The disparity between real-world factory output and Musk’s goals likely means that many of the nearly four hundred thousand people who have already put down a thousand dollars to reserve a Tesla Model 3, which Tesla says will cost about thirty-five thousand dollars, will have to wait until 2019 or later for their cars. Even one of Tesla’s most stalwart supporters in the investment community, the Morgan Stanley analyst Adam Jonas, has reached the conclusion that the Model 3s will be late, and that there will be fewer of them than advertised. In November, he wrote, “We continue to forecast a Model 3 launch at the very end of 2018 (more than 1 year later than company target) with 60k units in 2019 and 130k units in 2020.”
Musk does not give many specifics about how he will produce so many cars, so quickly, in ways that have eluded his more experienced competitors. But he is unambiguous about one foundational principle: his ramp-up in production can come about only by eliminating humans from the manufacturing process as much as possible. “You really can’t have people in the production line itself, otherwise you drop to people speed,” Musk said on an earnings call in August. In this context, it’s worth noting that the aim of the Trump advisory committee that Musk was appointed to is to figure out ways to “make it attractive for firms to create new jobs.”
Musk’s plan for a fully automated, so-called “lights-out factory”-because robots can work in the dark-is a strategy many in the industry consider to be a short-sighted. Humans can help improve efficiency by identifying shortcomings and conceiving of ways to do things that will shave time and cost from manufacturing processes. “You grow into automation,” Jay Baron, president and C.E.O. of the Center for Automotive Research, told me. “You don’t start with it.”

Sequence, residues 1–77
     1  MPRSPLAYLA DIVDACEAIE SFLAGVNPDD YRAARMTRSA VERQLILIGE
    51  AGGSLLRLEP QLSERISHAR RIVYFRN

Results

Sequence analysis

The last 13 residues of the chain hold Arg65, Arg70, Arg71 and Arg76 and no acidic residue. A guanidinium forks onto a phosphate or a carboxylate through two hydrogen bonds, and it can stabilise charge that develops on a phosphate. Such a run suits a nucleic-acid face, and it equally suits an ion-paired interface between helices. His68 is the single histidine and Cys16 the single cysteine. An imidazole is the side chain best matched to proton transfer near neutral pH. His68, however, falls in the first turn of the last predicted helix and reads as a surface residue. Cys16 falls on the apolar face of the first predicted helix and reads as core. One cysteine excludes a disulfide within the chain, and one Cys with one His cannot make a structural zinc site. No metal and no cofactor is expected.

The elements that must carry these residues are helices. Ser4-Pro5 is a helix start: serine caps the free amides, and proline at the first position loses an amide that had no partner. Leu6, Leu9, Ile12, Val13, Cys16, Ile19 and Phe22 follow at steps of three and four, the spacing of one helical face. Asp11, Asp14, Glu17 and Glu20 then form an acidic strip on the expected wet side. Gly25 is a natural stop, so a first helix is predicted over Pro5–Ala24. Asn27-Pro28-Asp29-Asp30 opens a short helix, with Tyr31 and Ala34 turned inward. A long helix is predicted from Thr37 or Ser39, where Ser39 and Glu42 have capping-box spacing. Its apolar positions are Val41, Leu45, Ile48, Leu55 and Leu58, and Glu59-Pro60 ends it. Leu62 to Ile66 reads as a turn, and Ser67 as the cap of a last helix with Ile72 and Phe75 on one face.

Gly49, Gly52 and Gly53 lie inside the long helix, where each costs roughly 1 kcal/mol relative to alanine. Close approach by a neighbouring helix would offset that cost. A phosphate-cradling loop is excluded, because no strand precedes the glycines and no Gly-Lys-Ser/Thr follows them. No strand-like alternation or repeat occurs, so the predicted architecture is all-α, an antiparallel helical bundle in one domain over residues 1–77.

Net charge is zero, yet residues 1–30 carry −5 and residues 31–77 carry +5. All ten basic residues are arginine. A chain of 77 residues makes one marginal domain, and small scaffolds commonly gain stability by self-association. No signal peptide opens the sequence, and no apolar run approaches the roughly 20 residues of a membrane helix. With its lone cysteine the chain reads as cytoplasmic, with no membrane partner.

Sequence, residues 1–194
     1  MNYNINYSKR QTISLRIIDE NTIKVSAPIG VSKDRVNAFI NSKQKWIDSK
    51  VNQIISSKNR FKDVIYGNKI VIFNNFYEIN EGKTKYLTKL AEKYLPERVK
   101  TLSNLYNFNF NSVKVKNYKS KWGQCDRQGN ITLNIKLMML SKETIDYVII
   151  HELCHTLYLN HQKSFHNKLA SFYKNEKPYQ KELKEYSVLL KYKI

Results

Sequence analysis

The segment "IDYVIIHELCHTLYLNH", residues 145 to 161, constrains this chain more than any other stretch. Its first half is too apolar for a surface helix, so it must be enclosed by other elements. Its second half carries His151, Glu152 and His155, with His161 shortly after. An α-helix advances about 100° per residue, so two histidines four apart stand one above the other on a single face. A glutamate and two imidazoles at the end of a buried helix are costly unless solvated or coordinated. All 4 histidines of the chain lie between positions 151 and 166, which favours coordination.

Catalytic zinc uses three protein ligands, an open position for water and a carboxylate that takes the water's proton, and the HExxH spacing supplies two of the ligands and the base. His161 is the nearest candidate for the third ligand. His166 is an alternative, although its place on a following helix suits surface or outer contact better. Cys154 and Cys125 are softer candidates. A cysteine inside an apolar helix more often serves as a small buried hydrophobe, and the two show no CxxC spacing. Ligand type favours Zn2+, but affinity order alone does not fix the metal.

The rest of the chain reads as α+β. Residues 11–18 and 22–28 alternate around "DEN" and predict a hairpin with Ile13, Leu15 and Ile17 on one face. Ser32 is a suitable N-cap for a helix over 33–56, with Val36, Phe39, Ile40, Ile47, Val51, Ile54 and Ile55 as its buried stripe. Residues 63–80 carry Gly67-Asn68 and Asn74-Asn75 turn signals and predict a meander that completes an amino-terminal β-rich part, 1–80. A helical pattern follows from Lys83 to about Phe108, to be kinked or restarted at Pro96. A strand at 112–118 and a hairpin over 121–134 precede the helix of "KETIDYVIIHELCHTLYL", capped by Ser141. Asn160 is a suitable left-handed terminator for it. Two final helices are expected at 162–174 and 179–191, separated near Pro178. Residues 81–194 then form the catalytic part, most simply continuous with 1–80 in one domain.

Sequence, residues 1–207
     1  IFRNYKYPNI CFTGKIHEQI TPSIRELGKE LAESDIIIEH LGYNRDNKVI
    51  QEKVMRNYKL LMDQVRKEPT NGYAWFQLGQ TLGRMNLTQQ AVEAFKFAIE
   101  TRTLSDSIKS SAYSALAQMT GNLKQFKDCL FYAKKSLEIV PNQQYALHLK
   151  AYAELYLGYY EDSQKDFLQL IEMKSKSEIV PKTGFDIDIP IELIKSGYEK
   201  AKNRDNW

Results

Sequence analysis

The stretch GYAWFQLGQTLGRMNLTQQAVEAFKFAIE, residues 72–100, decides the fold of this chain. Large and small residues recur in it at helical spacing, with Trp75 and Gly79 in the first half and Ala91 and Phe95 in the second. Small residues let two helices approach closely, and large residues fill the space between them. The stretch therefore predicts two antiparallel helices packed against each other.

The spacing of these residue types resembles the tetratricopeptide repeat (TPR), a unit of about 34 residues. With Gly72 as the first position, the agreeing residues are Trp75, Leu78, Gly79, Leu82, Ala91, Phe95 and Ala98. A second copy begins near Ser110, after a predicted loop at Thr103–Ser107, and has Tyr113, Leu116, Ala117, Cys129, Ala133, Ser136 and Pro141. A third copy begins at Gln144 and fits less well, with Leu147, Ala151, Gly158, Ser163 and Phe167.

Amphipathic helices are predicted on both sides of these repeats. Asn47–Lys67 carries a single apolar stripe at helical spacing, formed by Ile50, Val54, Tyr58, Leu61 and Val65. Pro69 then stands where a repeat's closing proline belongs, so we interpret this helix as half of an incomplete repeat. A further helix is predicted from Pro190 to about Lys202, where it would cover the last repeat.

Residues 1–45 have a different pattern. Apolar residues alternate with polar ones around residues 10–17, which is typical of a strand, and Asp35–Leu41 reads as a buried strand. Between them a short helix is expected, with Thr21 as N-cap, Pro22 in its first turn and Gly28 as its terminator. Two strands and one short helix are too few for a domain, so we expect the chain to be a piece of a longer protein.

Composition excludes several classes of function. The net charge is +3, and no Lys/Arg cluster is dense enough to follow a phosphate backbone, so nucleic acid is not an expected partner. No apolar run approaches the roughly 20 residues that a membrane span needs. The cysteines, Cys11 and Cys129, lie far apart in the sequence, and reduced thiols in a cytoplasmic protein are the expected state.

In one of his many public claims about his new plant, Musk expressed confidence that the assembly line would eventually move at about one metre per second, which Baron calculated as one car every fifteen seconds. Such a pace is twenty times the assembly line’s current speed-it’s an almost comical pace, and one that raises serious questions about what Telsa would have to sacrifice to maintain this speed on the line. There are upwards of thirty thousand components in a typical car, and while Teslas have fewer, because its electric-propulsion system is a bit simpler than a gasoline-powered engine, making them is still a complicated process. At the speeds that Musk is anticipating, it would be virtually impossible for Tesla’s network of suppliers to feed the assembly line with parts that meet high-quality standards without interruption. In addition, automakers budget a great deal of time to randomly inspect partially built cars for flaws and errors that could indicate larger problems with other vehicles on the line. Musk hasn’t yet addressed these contingencies, all of which will affect the safety of his vehicles, and Tesla declined to comment further.
Although the company’s cars have been given high marks by Consumer Reports and Car and Driver for their on-road performance, Consumer Reports‘ 2016 Annual Auto Reliability Survey ranked Tesla twenty-fifth out of twenty-nine brands. The magazine cited a slew of issues with the seventy-five-thousand-dollar (or more) Model X S.U.V. crossover, “including frequent malfunctions of the falcon-wing doors, water leaks, and infotainment and climate-control system problems.” Other concerning information has come out in recent months. As the Wall Street Journal reported, a design engineer for Tesla named Cristina Balan noticed in 2014 that Model S cars on the assembly line had an observable gap between the headliner (the material on the interior of the car’s roof) and the trim on the adjacent support pillar. Worried that other, more critical parts didn’t fit or meet tolerances, and upset that people were paying more than a hundred thousand dollars for shoddy workmanship, Balan told her managers and Musk about the problem.